During the early nineteenth century, travelers in the Upper Tar River region sought shelter at night in taverns of varying quality. Many of these establishments also served the local population, offering food, spirits, and the opportunity to socialize. Rural taverns often were housed in the owner’s one- or two-room log or frame house, but those in towns usually offered more sophisticated accommodations.
Towns such as Louisburg, Warrenton, and Williamsboro (in present-day Vance County) were located on roads leading from Richmond and Petersburg to points south. Taverns in each of these communities offered rest for weary travelers, and their stables provided food, water, and shelter for horses. Owners were required to pay for a license to sell alcoholic beverages, and these licenses became costlier and more restrictive during the antebellum period.
Green Hill operated a large tavern in Louisburg, a village of perhaps twenty houses, in the early years of the nineteenth century. The property was comprised of nine town lots bounded by Main Street, Franklin Street, and Back Street (now Church Street). Jonathan Mason, a lawyer and former United States senator from Boston, stayed in this tavern in 1804. He found the accommodations less satisfactory than those of Johnston’s tavern in Warrenton.
In 1818 Hill sold the property to Robert H. Wynne and Smith Patterson for $10,000, a considerable sum at that time. The partners operated the tavern under the name of Wynne and Patterson. Within two years, however, the proprietors had incurred so much debt that they lost the property. In 1820 John D. Hawkins acquired the tavern and its contents, which included 25 beds and furniture, a sideboard and its contents, 100 “setting chairs,” a secretary containing books, 24 silver teaspoons, 12 silver table spoons, 2 sets of tea china, a “House Clock,” a bureau, 4 dining room tables with “circular ends,” 48 plates, 2 large looking glasses, 3 floor carpets, 6 pairs of brass candlesticks, shovels and tongs, and additional household and kitchen furniture.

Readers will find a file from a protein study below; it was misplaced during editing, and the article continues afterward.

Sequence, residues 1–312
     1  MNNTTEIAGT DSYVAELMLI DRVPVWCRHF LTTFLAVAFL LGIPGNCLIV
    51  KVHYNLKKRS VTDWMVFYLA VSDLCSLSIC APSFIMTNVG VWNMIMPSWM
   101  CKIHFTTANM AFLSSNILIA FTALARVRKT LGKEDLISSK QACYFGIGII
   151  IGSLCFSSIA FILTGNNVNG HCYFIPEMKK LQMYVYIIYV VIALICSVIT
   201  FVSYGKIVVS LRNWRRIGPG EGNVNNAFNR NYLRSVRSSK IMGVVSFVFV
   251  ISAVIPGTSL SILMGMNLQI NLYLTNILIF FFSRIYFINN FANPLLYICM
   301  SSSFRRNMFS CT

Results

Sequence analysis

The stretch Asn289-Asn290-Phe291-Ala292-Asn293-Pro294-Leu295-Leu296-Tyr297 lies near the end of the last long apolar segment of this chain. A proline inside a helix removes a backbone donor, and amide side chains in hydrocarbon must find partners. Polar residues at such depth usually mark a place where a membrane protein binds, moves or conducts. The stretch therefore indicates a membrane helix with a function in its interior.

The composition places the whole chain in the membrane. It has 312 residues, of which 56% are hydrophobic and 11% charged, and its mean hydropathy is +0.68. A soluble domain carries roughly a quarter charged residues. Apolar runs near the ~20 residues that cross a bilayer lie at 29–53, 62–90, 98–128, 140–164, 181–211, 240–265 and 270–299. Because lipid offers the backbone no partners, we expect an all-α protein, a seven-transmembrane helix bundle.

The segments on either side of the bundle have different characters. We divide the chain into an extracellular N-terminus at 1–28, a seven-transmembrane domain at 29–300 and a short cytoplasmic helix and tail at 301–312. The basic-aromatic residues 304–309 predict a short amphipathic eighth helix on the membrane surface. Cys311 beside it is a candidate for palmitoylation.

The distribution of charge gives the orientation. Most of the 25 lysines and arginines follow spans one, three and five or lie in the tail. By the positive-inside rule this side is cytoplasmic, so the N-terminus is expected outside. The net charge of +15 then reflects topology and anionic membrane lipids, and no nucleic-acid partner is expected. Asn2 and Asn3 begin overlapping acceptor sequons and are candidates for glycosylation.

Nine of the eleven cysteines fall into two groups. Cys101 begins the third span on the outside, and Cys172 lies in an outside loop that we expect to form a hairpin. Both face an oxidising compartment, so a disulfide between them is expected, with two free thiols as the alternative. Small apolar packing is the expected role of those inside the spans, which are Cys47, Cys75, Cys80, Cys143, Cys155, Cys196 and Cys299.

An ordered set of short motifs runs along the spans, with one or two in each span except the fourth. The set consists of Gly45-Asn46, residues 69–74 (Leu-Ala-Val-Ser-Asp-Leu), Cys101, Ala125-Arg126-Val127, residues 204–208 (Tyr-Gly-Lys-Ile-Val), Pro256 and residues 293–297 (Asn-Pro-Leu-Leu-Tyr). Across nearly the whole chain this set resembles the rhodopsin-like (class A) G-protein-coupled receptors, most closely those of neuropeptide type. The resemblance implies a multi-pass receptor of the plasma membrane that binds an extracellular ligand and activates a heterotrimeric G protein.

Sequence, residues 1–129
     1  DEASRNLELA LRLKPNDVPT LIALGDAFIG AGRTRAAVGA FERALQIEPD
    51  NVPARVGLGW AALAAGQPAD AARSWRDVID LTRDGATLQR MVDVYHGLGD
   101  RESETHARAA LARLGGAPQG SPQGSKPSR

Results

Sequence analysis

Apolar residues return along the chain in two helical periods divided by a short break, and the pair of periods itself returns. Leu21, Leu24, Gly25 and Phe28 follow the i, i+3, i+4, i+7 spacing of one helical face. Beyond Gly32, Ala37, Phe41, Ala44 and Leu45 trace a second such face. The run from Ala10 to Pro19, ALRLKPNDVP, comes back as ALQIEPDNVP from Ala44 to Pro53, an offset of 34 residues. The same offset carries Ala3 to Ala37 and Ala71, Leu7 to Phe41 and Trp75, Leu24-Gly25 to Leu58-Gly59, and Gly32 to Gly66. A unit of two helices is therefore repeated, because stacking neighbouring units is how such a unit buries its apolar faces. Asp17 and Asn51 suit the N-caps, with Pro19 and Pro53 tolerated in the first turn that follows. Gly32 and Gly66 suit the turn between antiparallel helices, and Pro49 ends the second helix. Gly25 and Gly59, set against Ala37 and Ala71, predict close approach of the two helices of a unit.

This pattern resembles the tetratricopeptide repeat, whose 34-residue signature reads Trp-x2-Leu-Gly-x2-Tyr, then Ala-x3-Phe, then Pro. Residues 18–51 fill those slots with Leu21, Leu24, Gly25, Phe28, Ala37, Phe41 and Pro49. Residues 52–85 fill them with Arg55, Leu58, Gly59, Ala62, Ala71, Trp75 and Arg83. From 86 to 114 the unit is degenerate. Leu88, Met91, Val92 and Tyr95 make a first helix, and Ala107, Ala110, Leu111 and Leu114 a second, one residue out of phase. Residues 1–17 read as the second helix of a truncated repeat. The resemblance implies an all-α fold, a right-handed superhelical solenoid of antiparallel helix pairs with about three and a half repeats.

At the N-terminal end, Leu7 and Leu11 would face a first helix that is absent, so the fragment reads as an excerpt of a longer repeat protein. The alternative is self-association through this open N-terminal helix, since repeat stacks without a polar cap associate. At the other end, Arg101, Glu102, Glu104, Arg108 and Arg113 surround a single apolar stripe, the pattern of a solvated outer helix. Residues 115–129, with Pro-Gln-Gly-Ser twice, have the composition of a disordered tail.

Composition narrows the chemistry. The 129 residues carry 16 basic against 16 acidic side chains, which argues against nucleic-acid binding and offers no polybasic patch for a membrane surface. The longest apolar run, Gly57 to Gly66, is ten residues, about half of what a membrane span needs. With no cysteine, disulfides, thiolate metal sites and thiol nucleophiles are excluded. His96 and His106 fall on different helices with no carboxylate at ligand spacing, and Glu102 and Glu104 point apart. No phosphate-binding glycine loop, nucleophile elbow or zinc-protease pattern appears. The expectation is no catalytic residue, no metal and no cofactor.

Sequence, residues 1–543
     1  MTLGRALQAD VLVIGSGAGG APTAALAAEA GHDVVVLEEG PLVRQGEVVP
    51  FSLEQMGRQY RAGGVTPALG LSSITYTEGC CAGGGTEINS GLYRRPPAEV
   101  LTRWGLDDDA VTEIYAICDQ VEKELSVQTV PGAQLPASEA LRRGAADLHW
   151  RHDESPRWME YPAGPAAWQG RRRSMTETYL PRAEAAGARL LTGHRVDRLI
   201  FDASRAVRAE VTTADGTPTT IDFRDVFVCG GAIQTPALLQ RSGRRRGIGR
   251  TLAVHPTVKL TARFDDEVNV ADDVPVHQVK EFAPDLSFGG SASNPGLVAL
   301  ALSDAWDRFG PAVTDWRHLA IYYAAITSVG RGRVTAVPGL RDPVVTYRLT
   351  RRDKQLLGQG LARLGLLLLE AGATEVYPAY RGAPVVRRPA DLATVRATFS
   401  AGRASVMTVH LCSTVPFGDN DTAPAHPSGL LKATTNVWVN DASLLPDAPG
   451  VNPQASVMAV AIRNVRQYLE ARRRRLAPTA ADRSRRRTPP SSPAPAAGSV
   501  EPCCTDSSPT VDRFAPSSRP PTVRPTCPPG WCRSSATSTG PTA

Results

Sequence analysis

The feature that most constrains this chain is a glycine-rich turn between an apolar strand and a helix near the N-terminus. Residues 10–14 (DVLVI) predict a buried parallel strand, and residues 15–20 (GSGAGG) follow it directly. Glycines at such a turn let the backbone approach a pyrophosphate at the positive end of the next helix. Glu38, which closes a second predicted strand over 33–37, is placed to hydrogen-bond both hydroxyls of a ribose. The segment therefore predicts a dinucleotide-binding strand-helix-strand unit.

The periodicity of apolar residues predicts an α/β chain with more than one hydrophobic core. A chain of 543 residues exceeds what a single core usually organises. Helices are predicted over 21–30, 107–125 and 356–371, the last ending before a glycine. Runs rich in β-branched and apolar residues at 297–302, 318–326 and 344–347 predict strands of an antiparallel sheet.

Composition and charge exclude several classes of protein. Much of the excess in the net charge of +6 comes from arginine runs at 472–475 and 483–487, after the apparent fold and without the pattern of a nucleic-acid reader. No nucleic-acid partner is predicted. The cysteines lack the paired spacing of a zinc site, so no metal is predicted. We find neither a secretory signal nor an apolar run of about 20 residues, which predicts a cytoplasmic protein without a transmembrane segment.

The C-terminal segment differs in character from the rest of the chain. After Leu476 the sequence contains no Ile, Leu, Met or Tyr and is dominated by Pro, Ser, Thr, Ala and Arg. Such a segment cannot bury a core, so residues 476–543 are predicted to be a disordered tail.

Two years later, an ad placed in the Raleigh Register, and North-Carolina Gazette by Philemon Hawkins boasted that his Swan Tavern, formerly operated by Wynne and Patterson, featured numerous bedrooms that were “airy and well provided with every article of furniture necessary to afford comfort.” Hawkins promised that “his Bar will always be supplied with Ice and the choicest liquors, and his Table with the best the country will afford.” Hawkins may have operated the tavern for many years, as he was listed in the 1850 census as a hotel keeper.
The State Archives in Raleigh has preserved a fascinating tavern account book maintained in Louisburg between 1834 and 1844 by Young Patterson, who served for a number of years as Franklin County’s clerk of court. The entries reveal that local citizens enjoyed meals and drinks at the tavern and that travelers and their horses lodged there, sometimes for extended periods of time. On April 14, 1834, Joseph Macklin paid Patterson $1.13 for stabling his horse and for lodging, supper, and breakfast for himself. In May of the same year, Patterson charged Hugh Crichton $81.60 for boarding his family and servant for three months and twelve days. On July 4, 1834, William P. Williams and other citizens of Louisburg paid a dollar for a celebratory meal at the tavern. The location of this business is unknown.
North of Louisburg, in Williamsboro, the Grove Tavern was offered for sale in 1824, following the death of its owner, Stephen Sneed, Sr. Sneed’s executors described the complex in some detail: “It consists of a long range of two story Buildings, containing an elegant Ball-room, a very good Cellar, and thirteen other apartments, most of them with fire places, a back House, containing a good Dining-room, Lodging-room and Kitchen; a Smoke-house, Corn-house and an excellent Stable. The Garden is in good order, and the whole establishment is very convenient to one of the very best Springs known in the country.”
Given the range in quality of accommodations available to travelers at this time, they could not be assured of spending an evening at such an elegant establishment.
Published in The Franklin Times on September 29, 2016.
Maury York is director of the Tar River Center for History and Culture at Louisburg College and can be reached at firstname.lastname@example.org. He wishes to credit information found in George-Anne Willard (ed.), The Franklin County Sketchbook (1982), Guion Griffis Johnson, Ante-Bellum North Carolina: A Social History (1937), and Michael R. Hill, “Historical Research Report: The Person Place of Louisburg, North Carolina” (1980). Newspaper advertisements were located through the Nineteenth Century U.S. Newspapers database of Gale Cengage Learning.